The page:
The Jonathan Drouin saga took another stunning twist Wednesday night, and got a whole lot uglier.
Drouin, 20, who made a trade request in November, has been suspended by the Lightning indefinitely without pay for not showing up to play for AHL Syracuse in Toronto. The Lightning said in a statement it has no further comment on the issue. Drouin has played seven games for Syracuse while awaiting a potential deal.
Drouin, the No. 3 overall pick in 2013, had already made the bold move of disclosing his trade request publicly Jan. 3, through Drouin's agent Allan Walsh, who called the situation in Tampa Bay "untenable." There's been significant interest from many teams in Drouin, with trade speculation running rampant the past few weeks.
Here's a full statement from Walsh, released this evening.
"When the Tampa Bay Lightning assigned Jonathan Drouin to Syracuse it was explained the purpose of the assignment was twofold; (1) conditioning due to missed games from injury and (2) provide proof that he had completely recovered from his injury. Jonathan has now played seven games with Syracuse in the past (14) days.
A few days ago, the Tampa Bay Lightning advised that a trade involving Jonathan was moving closer to completion. We proposed to Tampa that Jonathan not play in the next few AHL games but continue practicing with the club to avoid any potential injury from preventing an imminent trade. Unfortunately, the Tampa Bay Lightning refused this reasonable request, however, Jonathan was not willing to accept this risk. We have been advised that the Tampa Bay Lightning has suspended Jonathan.
In light of the latest developments it is clearly in both sides best interests that the Tampa Bay Lightning trade Jonathan as there is no reason for Jonathan to continue with the Tampa Bay Lightning organization in any capacity. We will have no further comment as we await the Tampa Bay Lightning to conclude a trade that involves Jonathan."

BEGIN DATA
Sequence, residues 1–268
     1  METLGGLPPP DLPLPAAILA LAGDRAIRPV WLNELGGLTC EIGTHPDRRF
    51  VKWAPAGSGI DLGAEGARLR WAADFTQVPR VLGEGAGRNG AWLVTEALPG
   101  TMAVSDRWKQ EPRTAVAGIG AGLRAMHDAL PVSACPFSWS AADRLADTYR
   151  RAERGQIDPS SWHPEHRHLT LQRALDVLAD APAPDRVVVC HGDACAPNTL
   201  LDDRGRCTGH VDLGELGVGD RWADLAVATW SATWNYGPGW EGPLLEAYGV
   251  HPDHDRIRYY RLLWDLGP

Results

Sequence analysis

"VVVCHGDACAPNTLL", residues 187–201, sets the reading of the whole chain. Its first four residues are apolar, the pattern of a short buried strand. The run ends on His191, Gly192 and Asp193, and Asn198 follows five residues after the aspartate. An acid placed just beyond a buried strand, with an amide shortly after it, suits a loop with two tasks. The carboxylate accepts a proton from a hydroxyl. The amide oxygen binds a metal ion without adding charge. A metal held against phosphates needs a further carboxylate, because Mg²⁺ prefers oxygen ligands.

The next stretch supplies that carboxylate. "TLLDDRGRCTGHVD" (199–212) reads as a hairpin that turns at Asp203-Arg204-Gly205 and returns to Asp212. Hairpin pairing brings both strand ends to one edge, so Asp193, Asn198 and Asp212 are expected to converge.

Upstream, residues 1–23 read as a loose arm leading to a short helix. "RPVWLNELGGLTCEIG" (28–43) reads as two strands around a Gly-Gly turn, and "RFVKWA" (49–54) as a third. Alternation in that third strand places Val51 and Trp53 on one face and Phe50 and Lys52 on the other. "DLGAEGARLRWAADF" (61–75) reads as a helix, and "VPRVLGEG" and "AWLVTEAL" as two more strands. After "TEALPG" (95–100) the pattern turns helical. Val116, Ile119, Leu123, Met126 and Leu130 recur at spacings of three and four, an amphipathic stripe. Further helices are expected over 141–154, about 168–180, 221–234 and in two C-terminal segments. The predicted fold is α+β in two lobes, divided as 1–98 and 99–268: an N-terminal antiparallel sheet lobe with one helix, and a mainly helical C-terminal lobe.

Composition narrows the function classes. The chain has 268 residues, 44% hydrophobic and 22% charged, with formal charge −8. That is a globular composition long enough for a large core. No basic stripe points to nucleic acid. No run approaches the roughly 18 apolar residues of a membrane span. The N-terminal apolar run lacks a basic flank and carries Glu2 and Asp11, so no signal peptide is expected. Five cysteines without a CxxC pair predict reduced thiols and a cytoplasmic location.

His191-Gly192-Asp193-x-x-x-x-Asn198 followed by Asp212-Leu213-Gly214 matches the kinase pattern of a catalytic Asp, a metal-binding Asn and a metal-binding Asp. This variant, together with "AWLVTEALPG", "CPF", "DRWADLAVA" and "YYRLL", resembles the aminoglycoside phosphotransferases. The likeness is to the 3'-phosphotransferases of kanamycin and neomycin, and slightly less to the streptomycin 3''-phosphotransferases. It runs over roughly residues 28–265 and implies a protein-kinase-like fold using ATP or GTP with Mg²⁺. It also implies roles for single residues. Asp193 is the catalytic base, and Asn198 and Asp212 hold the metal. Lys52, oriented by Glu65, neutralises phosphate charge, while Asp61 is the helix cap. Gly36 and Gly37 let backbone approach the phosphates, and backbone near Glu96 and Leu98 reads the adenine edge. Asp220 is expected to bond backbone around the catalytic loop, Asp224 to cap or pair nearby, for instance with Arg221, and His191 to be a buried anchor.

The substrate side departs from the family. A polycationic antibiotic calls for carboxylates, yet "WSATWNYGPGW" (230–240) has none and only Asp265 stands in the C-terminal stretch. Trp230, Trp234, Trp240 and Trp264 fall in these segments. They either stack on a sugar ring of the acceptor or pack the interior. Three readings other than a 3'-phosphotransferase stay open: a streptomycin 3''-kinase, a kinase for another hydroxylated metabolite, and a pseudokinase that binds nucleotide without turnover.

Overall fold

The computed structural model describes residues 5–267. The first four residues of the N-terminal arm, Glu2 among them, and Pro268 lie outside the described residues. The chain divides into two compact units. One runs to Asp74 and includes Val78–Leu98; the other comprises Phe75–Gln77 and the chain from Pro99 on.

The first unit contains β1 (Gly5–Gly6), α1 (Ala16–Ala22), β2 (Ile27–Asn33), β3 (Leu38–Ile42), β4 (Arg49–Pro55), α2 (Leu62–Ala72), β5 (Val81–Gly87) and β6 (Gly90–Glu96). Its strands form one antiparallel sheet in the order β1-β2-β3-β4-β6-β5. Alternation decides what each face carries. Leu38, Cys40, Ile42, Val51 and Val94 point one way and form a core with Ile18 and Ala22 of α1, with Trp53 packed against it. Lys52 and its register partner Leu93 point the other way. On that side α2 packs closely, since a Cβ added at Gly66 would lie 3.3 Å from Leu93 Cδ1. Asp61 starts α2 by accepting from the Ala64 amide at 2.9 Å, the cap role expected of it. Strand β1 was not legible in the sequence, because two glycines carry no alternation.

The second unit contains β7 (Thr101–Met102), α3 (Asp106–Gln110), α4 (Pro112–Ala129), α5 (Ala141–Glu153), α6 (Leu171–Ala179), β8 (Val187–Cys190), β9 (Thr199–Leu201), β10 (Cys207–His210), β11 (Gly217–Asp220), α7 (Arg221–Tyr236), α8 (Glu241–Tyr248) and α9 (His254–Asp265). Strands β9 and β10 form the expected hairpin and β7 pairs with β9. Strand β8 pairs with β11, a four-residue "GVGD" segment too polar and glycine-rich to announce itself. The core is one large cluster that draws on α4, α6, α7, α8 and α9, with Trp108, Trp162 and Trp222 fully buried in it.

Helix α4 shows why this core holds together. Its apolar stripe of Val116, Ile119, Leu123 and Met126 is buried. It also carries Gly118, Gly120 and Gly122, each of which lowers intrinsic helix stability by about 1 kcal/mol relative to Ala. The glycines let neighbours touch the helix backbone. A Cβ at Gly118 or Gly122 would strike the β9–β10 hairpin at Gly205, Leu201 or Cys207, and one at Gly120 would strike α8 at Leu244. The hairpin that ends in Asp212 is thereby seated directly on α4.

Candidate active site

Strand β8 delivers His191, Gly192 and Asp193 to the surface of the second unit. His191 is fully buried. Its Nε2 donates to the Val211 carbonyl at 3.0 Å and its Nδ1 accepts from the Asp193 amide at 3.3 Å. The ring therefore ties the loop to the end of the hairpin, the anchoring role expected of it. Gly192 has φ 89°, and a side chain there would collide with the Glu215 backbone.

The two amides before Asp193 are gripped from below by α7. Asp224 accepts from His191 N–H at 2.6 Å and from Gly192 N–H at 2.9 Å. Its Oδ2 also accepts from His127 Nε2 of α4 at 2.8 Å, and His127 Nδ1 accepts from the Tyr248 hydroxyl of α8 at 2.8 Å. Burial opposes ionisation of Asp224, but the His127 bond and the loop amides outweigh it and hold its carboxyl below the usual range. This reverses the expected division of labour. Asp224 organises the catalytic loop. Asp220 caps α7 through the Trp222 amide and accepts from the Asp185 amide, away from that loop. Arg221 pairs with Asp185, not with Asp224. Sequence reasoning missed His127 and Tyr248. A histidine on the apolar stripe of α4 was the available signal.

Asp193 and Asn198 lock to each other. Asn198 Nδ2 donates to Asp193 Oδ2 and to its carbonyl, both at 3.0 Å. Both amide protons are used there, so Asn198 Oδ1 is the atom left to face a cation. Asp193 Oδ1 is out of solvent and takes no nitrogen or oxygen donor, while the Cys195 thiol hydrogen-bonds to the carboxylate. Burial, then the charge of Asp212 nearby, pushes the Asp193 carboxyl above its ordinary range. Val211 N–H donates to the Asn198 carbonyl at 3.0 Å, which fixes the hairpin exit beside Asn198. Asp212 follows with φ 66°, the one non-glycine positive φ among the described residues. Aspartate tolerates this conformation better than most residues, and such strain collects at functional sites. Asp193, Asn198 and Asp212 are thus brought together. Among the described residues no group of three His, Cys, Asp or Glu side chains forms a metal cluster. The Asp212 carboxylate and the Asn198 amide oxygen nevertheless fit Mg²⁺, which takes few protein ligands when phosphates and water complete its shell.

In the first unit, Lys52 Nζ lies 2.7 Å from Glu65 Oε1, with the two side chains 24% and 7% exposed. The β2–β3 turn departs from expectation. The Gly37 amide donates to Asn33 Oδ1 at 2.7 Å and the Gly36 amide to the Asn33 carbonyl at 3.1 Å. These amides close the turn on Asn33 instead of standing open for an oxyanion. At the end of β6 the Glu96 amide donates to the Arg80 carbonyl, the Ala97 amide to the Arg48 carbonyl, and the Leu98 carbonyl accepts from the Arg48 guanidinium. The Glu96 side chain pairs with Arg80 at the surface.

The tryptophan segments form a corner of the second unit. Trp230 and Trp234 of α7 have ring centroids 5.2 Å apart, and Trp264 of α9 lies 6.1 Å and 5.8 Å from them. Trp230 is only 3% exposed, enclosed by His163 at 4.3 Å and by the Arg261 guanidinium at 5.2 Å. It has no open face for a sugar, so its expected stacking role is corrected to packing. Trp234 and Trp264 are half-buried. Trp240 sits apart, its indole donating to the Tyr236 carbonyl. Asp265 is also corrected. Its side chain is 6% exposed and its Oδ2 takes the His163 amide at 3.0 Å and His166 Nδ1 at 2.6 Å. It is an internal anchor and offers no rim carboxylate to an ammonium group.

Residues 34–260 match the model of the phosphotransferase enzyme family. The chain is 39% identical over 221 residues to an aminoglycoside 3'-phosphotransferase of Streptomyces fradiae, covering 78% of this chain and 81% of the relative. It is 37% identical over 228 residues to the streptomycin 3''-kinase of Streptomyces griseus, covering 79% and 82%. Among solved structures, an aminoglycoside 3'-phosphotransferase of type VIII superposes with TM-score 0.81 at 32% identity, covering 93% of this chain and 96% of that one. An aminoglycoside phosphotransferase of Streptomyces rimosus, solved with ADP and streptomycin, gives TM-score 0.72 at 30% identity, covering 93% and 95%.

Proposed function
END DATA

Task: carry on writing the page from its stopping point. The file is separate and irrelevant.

It's uncertain how this latest move will impact the situation. It certainly can't help his relationship with the Lightning, and it likely won't help his reputation with other teams who have been interested.
"The key for me is what you are giving up?" said former GM Craig Button, an NHL Network analyst. "I would be inclined to give up a little less than more because of the actions of the player. I don't like when things don't go a players' way and he's going to lay on the floor and kick and scream. So, yes, it would impact my desire."
Drouin is still under contract with the Lightning through the 2016-17 season, then becomes a restricted free agent after that, so he's under team control for several years. It's unclear what the next move will be in this already unpredictable situation.
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Button has said what "made (GM) Steve Yzerman a great player was he was stubborn. It might be a case of of wills." Button said the Lightning can terminate Drouin's contract, but likely won't because they don't want to lose a player for nothing. Plus, Tampa Bay doesn't want to set a precedent where the wrong message is sent to other players.
Drouin has seemed like a good kid, teammates have called him a real pro, but this won't put him in a favorable light.
"It's one thing to dig a hole for yourself," Button said. "But when you start throwing the dirt back on yourself, you are taking steps towards burying yourself. Speaks to a significant level of immaturity."